Download Differential Geometry of Curves and Surfaces: A Concise by Victor A. Toponogov (auth.), Vladimir Y. Rovenski (eds.) PDF

By Victor A. Toponogov (auth.), Vladimir Y. Rovenski (eds.)

The learn of curves and surfaces types a tremendous a part of classical differential geometry. Differential Geometry of Curves and Surfaces: A Concise Guide offers conventional fabric during this box besides very important principles of Riemannian geometry. The reader is brought to curves, then to surfaces, and at last to extra advanced issues. regular theoretical fabric is mixed with more challenging theorems and complicated difficulties, whereas conserving a transparent contrast among the 2 levels.

Key subject matters and features:

* Covers crucial ideas together with curves, surfaces, geodesics, and intrinsic geometry

* substantial fabric at the Aleksandrov international perspective comparability theorem, which the writer generalized for Riemannian manifolds (a outcome referred to now because the celebrated Toponogov comparability Theorem, one of many cornerstones of recent Riemannian geometry)

* includes many nontrivial and unique difficulties, a few with tricks and solutions

This rigorous exposition, with well-motivated subject matters, is perfect for complicated undergraduate and first-year graduate scholars trying to input the interesting international of geometry.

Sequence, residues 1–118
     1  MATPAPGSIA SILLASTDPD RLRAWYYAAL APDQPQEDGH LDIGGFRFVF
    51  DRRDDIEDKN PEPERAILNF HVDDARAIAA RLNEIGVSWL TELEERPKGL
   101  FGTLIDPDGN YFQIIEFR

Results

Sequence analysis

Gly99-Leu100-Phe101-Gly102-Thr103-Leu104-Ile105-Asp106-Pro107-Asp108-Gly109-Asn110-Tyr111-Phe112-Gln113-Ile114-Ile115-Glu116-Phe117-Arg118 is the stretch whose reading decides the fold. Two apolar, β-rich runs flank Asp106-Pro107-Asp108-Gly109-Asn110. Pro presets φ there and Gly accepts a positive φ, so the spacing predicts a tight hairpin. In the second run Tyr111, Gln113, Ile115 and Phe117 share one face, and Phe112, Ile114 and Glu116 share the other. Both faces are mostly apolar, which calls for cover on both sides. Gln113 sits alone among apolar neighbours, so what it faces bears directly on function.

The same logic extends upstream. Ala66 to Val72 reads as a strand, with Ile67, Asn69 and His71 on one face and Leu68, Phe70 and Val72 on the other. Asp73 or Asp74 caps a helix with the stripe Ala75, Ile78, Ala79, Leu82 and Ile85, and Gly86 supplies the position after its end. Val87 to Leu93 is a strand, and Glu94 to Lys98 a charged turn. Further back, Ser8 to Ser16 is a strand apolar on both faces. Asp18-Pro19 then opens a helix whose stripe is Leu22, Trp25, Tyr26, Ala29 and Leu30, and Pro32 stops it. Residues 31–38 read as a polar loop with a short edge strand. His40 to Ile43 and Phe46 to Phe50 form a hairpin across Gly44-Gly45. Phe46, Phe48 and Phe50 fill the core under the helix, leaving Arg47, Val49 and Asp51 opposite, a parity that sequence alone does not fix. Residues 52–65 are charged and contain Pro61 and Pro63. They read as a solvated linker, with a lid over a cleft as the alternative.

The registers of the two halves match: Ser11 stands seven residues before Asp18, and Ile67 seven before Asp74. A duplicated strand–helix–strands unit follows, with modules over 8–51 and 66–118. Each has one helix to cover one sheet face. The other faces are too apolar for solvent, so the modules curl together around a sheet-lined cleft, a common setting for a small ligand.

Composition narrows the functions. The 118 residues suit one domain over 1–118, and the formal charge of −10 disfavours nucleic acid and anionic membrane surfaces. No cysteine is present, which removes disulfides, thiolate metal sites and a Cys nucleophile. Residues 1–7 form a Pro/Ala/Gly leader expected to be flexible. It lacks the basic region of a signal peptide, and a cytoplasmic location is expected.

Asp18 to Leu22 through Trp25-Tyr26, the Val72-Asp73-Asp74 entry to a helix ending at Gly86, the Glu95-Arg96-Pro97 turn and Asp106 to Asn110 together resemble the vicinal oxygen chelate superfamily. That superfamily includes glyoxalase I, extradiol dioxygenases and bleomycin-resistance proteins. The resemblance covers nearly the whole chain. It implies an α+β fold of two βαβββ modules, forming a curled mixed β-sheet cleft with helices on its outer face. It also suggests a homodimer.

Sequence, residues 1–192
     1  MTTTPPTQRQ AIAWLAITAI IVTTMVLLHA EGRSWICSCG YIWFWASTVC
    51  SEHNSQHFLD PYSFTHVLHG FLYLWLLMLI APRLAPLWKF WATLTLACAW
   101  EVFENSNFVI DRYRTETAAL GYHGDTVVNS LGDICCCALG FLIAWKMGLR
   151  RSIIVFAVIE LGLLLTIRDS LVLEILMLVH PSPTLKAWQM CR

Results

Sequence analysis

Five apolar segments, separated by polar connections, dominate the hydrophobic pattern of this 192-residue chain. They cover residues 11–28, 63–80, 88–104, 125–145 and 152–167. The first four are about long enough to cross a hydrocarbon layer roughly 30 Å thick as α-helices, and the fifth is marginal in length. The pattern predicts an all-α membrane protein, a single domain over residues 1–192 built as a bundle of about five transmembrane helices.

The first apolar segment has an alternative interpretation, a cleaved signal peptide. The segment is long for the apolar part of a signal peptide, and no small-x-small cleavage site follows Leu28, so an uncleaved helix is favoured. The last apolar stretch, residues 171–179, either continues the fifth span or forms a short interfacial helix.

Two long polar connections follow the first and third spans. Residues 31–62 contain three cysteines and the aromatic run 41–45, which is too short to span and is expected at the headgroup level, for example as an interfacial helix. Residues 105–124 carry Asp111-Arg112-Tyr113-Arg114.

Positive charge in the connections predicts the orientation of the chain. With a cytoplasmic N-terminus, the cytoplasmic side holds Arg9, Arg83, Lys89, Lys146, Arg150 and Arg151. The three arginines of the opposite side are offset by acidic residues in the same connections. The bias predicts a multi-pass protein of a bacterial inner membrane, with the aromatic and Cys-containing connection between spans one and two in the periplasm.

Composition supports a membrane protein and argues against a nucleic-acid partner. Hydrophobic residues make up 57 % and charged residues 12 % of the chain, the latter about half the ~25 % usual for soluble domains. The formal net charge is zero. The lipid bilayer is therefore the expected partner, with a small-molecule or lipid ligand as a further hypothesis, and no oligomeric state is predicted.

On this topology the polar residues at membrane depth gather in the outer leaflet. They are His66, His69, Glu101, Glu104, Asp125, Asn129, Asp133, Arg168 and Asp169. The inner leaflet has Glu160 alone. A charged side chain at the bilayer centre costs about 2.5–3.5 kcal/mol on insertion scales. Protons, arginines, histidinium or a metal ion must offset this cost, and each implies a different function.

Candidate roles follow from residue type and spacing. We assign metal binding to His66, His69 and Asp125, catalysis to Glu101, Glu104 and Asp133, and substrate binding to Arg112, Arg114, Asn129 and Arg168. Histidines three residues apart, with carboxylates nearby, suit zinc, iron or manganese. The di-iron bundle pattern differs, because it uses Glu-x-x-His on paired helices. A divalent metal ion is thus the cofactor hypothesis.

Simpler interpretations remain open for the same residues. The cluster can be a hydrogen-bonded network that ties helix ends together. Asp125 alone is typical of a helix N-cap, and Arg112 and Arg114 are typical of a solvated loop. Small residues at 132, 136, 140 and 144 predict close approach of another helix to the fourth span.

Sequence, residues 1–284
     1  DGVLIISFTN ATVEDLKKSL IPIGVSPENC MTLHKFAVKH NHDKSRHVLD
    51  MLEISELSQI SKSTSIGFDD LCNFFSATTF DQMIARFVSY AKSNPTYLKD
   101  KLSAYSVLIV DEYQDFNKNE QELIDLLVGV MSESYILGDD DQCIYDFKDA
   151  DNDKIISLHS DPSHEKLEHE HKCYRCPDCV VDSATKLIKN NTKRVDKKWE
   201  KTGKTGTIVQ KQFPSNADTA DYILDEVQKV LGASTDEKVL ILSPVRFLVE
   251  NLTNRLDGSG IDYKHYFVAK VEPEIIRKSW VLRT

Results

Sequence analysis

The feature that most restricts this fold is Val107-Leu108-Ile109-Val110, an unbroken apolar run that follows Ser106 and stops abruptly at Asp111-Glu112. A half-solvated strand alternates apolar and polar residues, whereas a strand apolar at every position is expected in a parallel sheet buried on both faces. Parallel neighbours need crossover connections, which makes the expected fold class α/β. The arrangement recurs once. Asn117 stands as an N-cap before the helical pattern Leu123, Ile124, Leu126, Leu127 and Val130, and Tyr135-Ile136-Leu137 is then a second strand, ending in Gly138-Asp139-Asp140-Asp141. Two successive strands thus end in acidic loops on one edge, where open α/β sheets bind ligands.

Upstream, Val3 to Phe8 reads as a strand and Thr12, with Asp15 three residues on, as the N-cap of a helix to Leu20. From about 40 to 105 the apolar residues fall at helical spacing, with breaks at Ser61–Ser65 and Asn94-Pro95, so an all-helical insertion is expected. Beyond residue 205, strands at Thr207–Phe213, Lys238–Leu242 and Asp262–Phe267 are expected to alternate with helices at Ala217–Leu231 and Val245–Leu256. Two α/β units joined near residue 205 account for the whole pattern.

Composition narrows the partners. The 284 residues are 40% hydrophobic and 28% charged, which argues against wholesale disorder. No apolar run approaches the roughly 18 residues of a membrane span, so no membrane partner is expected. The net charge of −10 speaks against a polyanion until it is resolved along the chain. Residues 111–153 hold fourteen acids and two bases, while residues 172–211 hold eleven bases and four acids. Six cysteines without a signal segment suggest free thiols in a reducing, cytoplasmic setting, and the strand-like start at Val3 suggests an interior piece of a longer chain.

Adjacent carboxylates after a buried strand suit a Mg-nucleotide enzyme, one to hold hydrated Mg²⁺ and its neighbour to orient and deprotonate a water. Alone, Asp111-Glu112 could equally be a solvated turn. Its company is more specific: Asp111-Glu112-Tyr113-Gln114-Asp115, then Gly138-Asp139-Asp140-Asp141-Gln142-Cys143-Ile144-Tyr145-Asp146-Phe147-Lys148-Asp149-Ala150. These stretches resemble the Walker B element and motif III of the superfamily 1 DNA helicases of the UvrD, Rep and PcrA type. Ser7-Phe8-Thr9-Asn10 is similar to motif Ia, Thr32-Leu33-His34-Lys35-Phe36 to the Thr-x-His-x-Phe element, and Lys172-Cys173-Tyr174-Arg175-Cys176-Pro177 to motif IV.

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Extra resources for Differential Geometry of Curves and Surfaces: A Concise Guide

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But this means that the curve P γ (t0 )∪γ (t0 )P ∗ is the shortest path joining P with P ∗ located inside of D and differing from (P P ∗ )2 , which contradicts the definition of (P P ∗ )2 . So, γ1 = (P P ∗ )2 , and hence the length l1 of the curve γ is π R. But then the inequality π R ≤ l(γ2 ) ≤ l(γ1 ) = π R holds, from which it follows that γ2 is the shortest path joining P with P ∗ and that the length of γ is 2π R. In the second case draw a polygonal line p(γ ) inscribed in a curve γ with length different from the length of γ by a sufficiently small value.

In the first case there is a point P1 on the arc γ1 at which the curvature kγ (P1 ) is greater than 1/R − (γ ), but then R(P1 , γ ) < R − (γ ), in contradiction to the definition of C − (γ ). In the second case, for any point P ∈ γ , P ∈ C0 , the value R(P, γ ) is not greater than R − (γ ), because C(P, γ ) belongs, together with its curve γ , to the strip of width 2R − (γ ) formed by the tangent lines to γ at the points P1 and P2 . Hence, in this case the equality R(P, γ ) = R − (γ ) holds for all P.

Apply Taylor’s formula to the vector function r = r(s): 1 1 r(s) = r(s0 ) + r (s)(s − s0 ) + r (s0 )(s − s0 )2 + r (s0 )(s − s0 )3 + o((s − s0 )3 ). 31) r (s0 ) = k ν(s0 ) + kν (s0 ) = k ν(s0 ) + k(−k τ (s0 ) + κ β(s0 )) = −k 2 i + k j + kκ k, then ⎧ 1 2 3 3 ⎪ ⎨ x(s) = −s0 − 6 k (s − s0 ) + o¯ 1 ((s − s0 ) ), y(s) = 12 k(s − s0 )2 + 16 k (s − s0 )3 + o¯ 2 ((s − s0 )3 ), ⎪ ⎩ z(s) = 16 kκ(s − s0 )3 + o¯ 3 ((s − s0 )3 ). From the last formulas we obtain the equations of the orthogonal projections (1) onto the osculating plane: y = 12 kx 2 + o(x ¯ 3 ), 2 (2) onto the normal plane: z 2 = Ay 3 + o(y ¯ 3 ), where A = 2κ , 9k (3) onto the rectifying plane: z = Bx 3 + o(x ¯ 3 ), where B = 16 kκ.

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